Anticipating a Monday forum, opponents of Oakwood’s modernist house are lobbying neighbors about what kinds of architecture should be allowed in Raleigh’s historic districts.
The Oak City Preservation Alliance is distributing a pamphlet with photos of newer Oakwood homes it deems appropriate, as well as altered images of modernist houses placed next to historic ones. The lobbying effort comes within days of a Wake Court Superior Court judge’s ruling in favor of the modernist home, which was signed Monday.
The two-page brochure explains that the group doesn’t think new construction should pretend to be historic. Alliance member Don Becom said that until the modernist home on Euclid Street, all new homes have blended well with the old.
“We feel we have a middle-of-the-road position,” Becom said. “We don’t want to replicate the buildings from our period of significance. We want to maintain the character of our neighborhood.”
But not all preservationists share the group’s viewpoint. Preservation North Carolina has spoken out in favor of the modernist house, and president Myrick Howard says the historic district guidelines don’t dictate style. The rules are more about tangible elements like size, colors and materials, he added.
Howard said those rules would prevent the jarring contrasts presented as worst-case scenarios in the Preservation Alliance’s altered images.
“Those structures would not remotely be approved under the guidelines,” he said. “It’s disingenuous to say that the commission would approve those.”
Both sides will make their case Monday night at a forum organized by the Raleigh Historic Development Commission, the city council-appointed board that issued the initial approval for the Oakwood modernist house.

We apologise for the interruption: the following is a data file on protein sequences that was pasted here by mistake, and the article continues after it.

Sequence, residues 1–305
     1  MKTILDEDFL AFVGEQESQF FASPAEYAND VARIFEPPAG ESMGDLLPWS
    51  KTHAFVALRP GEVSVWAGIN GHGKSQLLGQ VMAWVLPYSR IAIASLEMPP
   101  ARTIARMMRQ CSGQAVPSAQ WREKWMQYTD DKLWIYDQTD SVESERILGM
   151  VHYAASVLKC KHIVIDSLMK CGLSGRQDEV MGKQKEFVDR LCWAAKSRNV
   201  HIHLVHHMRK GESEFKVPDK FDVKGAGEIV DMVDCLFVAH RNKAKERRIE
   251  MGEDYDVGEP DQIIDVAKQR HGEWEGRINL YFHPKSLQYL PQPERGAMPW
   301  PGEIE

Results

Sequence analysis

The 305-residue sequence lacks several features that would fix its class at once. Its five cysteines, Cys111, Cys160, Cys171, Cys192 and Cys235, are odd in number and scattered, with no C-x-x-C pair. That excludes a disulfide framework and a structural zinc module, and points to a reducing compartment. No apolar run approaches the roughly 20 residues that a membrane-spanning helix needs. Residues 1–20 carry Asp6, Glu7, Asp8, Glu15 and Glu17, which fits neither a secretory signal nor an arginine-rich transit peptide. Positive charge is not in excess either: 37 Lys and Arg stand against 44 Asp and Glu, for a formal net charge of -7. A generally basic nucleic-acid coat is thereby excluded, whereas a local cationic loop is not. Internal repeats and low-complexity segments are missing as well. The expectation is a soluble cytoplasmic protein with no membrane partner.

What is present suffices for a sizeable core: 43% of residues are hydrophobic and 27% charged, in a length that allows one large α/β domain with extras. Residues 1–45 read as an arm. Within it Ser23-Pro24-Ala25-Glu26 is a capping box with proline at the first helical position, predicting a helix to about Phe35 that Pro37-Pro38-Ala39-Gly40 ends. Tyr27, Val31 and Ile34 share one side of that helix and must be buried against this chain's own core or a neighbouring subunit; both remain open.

The commission wants to know if its guidelines and procedures for new construction adequately reflect the community’s standards for historic neighborhoods. The city council called for the review in January – just as the modernist house furor was beginning – after hearing concerns from Euclid Street resident Gail Wiesner, who’s since been fighting her across-the-street neighbors in court.
Howard said the process is working well, but added: “It’s always useful to have a review periodically.”
The Oak City Preservation Alliance is pushing for some wording changes, including the addition of architectural style to the criteria. Alliance president Mary Iverson said the focus on “compatibility” is vague.
“It can be interpreted in numerous ways,” she said.
Iverson’s group takes issue with the historic commission’s facilitator for Monday’s forum: Pratt Cassity, who heads the Center for Community Design and Preservation at the University of Georgia.
Iverson is concerned that Cassity favors placing modernist buildings next to historic ones, pointing to photos posted on Cassity’s Pinterest page.
“I’m looking at what he has shown as his preference on his Pinterest site, and I believe he is walking in there with a bias,” Iverson said.
Howard said he knows Cassity personally and thinks he’ll be an effective moderator.
“You couldn’t get a more recognized and appropriate expert for this forum,” Howard said. “He does not promote starkly modern structures.”
Regardless of the moderator, Iverson says she hopes revised historic district guidelines will make the process more predictable and less likely to result in a lengthy legal battle.
“I personally believe that would help prevent a recurrence of the unfortunate disagreement that’s gone through the neighborhood,” she said.